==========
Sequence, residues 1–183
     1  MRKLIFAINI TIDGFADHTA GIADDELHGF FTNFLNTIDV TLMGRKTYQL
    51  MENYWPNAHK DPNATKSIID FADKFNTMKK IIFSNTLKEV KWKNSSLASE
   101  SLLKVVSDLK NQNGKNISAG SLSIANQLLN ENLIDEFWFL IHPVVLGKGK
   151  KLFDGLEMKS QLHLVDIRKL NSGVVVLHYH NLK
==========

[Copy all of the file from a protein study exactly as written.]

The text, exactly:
Sequence, residues 1–183
     1  MRKLIFAINI TIDGFADHTA GIADDELHGF FTNFLNTIDV TLMGRKTYQL
    51  MENYWPNAHK DPNATKSIID FADKFNTMKK IIFSNTLKEV KWKNSSLASE
   101  SLLKVVSDLK NQNGKNISAG SLSIANQLLN ENLIDEFWFL IHPVVLGKGK
   151  KLFDGLEMKS QLHLVDIRKL NSGVVVLHYH NLK